Locust House Variations, A Weekly Fiction Column by Adam Gnade, Chapter 13
Who Are the Mystery Girls?
A Novel in Serial Form
Chapter 13 of 13, Conclusion
By Adam Gnade
Gabby dropped to her knees on the carpet and Agnes walked backward until she felt the rough stucco of the wall touch her shoulder blades. Of course, thought Agnes, it all made sense—the money, the new car, Steven, the kidnapping. Gabby had been in on it from the beginning. The money was from Steven’s inheritance—he’d given it to Gabby to pay her father’s medical bills. She’d let herself be kidnapped to bring Agnes here—a deal and partnership that served both interests.
Agnes looked at Marigold, Norma, and Debsey, clustered by the open front door, watching her.
“Girls, meet me outside, okay?”
Agnes said this quietly then stood waiting until she heard the door click shut behind her. “Steven, fuck off,” she said, tired but patient. Steven sat on the couch, face in his hands, raking his nails through his greasy hair. “Steven … please, PLEASE fuck off.” Steven got up from the couch and walked into the dark hallway. Agnes heard his feet on the staircase to the second floor, quieter with each step, then the house fell silent.
“Gabby, how much did he give you?”
“It was enough.”
“How’s your dad?”
“With the money, he’ll be okay. He’ll live.”
“Whose idea was it?”
“Agnes, please don’t—”
“You can tell me.”
“It was mine.”
Agnes let herself slide down the wall and sat on the carpet, cross-legged, facing Gabby.
“Fuck. Fucking hell, Gabby.”
“It was the only way. I tried everything. You know I did.”
“I mean, I get it. I understand.”
“Agnes, baby, I’m so sorry.”
“I can’t say I wouldn’t have done the same. But fuck, Gabby, really?”
Tears ran in trails down Gabby’s face. “Baby, I had to.”
“I know, Gabby. I know.” Agnes pulled herself to her feet. “I’ve got to go.”
“We still friends?”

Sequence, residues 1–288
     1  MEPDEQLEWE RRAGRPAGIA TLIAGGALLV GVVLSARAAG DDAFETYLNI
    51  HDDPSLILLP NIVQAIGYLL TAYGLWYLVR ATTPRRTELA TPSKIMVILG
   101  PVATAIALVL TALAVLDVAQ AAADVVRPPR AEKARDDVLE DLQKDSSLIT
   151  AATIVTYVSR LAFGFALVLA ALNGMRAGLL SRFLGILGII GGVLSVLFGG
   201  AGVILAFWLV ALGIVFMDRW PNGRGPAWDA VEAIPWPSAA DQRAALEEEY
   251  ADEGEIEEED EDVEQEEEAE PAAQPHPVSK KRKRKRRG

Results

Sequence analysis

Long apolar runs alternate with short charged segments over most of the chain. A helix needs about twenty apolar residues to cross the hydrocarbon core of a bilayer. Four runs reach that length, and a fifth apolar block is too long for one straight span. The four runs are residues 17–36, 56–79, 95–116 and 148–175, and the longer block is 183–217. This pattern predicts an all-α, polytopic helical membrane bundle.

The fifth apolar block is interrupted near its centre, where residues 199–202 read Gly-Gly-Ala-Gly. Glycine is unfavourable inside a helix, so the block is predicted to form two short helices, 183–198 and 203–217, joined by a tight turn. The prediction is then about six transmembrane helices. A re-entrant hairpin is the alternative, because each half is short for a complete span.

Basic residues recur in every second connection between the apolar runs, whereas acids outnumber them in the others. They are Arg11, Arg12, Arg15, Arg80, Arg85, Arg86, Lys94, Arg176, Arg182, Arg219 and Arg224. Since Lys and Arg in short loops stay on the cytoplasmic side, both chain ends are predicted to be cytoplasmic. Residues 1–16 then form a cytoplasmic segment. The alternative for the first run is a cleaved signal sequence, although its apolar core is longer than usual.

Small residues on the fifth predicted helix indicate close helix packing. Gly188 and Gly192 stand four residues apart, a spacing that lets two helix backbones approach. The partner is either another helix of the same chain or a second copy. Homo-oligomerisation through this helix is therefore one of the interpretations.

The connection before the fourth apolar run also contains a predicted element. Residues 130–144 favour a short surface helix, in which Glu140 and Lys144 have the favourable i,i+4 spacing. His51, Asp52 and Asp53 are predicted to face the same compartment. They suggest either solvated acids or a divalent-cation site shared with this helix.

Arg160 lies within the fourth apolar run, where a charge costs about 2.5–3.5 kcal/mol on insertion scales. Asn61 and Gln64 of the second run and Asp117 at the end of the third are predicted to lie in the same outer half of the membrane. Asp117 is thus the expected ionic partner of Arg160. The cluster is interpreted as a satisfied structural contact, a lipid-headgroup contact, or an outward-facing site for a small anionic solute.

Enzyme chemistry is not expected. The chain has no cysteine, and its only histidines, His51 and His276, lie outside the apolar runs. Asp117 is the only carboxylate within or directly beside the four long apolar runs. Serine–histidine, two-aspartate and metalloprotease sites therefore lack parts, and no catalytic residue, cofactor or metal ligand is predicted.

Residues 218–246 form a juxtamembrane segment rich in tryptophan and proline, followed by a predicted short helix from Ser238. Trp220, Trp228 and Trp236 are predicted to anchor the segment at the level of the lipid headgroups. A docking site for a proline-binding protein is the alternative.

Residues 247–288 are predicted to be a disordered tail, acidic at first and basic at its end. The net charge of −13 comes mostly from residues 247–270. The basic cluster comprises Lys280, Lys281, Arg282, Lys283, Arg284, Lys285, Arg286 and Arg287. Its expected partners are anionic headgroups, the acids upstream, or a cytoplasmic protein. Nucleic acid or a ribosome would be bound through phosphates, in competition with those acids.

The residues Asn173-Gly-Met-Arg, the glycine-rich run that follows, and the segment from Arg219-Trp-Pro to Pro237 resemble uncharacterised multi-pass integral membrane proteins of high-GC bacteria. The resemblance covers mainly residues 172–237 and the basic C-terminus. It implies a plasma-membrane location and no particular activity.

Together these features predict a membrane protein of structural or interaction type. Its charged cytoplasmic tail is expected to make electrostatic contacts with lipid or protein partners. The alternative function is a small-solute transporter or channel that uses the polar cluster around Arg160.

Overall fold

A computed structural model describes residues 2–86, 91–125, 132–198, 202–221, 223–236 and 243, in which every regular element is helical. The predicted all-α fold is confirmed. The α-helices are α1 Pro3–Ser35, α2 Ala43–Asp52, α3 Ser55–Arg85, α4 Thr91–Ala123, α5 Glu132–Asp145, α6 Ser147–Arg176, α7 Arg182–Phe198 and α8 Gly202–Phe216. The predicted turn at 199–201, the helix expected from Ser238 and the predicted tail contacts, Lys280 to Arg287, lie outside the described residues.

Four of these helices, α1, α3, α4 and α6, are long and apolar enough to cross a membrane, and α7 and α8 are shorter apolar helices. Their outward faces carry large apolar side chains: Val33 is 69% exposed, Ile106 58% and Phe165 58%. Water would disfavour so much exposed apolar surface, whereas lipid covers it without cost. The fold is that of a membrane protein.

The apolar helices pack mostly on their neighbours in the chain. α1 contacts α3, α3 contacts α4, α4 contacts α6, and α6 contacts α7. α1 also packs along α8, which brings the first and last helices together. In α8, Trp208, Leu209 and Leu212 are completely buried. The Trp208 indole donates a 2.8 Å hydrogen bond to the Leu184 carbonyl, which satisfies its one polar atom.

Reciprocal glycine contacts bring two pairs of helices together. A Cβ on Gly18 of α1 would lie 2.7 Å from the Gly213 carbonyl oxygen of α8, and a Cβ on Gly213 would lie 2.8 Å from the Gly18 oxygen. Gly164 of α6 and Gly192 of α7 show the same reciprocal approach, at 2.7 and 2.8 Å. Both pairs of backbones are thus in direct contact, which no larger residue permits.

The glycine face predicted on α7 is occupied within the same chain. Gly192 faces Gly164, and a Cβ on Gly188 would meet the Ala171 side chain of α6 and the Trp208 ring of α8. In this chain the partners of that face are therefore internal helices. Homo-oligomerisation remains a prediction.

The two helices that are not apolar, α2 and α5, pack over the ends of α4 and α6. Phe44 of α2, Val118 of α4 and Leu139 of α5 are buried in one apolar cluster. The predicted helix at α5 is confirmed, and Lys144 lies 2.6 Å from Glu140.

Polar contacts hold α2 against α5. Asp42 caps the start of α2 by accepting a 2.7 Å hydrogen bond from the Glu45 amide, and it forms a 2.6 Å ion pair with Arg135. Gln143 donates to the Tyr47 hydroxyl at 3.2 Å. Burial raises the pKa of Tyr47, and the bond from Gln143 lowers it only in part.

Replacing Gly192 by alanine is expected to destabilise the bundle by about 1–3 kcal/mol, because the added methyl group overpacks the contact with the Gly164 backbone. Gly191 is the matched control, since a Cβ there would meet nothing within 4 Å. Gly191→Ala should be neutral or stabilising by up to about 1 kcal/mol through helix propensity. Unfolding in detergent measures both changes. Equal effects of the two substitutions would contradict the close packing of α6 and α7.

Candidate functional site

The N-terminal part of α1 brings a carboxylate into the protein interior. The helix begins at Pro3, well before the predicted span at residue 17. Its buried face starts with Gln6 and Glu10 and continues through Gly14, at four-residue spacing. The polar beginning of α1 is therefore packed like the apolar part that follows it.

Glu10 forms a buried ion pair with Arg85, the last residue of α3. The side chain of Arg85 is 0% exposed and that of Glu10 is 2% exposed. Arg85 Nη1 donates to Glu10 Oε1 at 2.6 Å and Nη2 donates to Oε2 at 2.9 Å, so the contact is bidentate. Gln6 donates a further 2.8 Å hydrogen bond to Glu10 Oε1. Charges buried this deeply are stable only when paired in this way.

“Gabby, I … I’m going.”
Agnes walked to the front door, opened it, and stood for a moment on the doorstep, the sea air damp on her face, the warmth of the house to her back, then shut the door behind her.
Outside the beach house, late-night fog rolled down the boardwalk, the yellow streetlights shining through it, dull, sooty.
Agnes walked—walked down the porch steps for the last time, through the small front yard, out the open gate.
Marigold, Norma, and Debsey sat with their backs to her on the gray concrete seawall staring out to sea—the colorless sand flats with the moon behind the clouds, the black expanse of the Pacific lined with strips of whitewater rolling shoreward.
Agnes climbed up on the seawall and sat next to Marigold and let her feet dangle below her, grinding the heels of her sneakers against the concrete to keep from crying.
No one spoke for a while.
The waves broke on the sandbar far out to sea, the ocean booming, hissing as the fog moved down the boardwalk pushed by the night breeze—wet, salty.
“What time is it?” Agnes asked.
Debsey yawned and pulled the sleeve of her elf costume below her wrist and looked at her watch. “Right, it’s, uh … it’s half 10.”
“That’s British for 10:30?”
“A little more than an hour left of Halloween, 2002,” said Marigold quietly.
“Feels hella later,” said Norma.
“Norma, you tired?” asked Agnes.
“Naw, girl. I’m cool.”
Marigold put her head on Agnes’ shoulder and began to hum the opening notes to her favorite Halloween song, “The Ghost of John.”
Agnes wrapped her arms around Marigold’s small shoulders, pulling her close as Marigold sang, just under her breath: “Have you seen the ghost of John? Long white bones and the rest all gone. Ooooooh, ooo-ooh, ooh ooh ooh. Wouldn’t it be chilly with no skin on?”
“Hey Marigold,” said Agnes, “You still up for treat-or-treating?” She felt her friend’s head nod against her chest. “Good. Okay. We’re … let’s go to La Jolla. Rich people candy. Sound alright?” Marigold nodded again. “Alright, girls. Let’s do this. There’s still time.”
Agnes, Marigold, Norma, and Debsey climbed off the seawall and walked down the yellow-lit boardwalk, the sea to the west of them, the fog and night all around.
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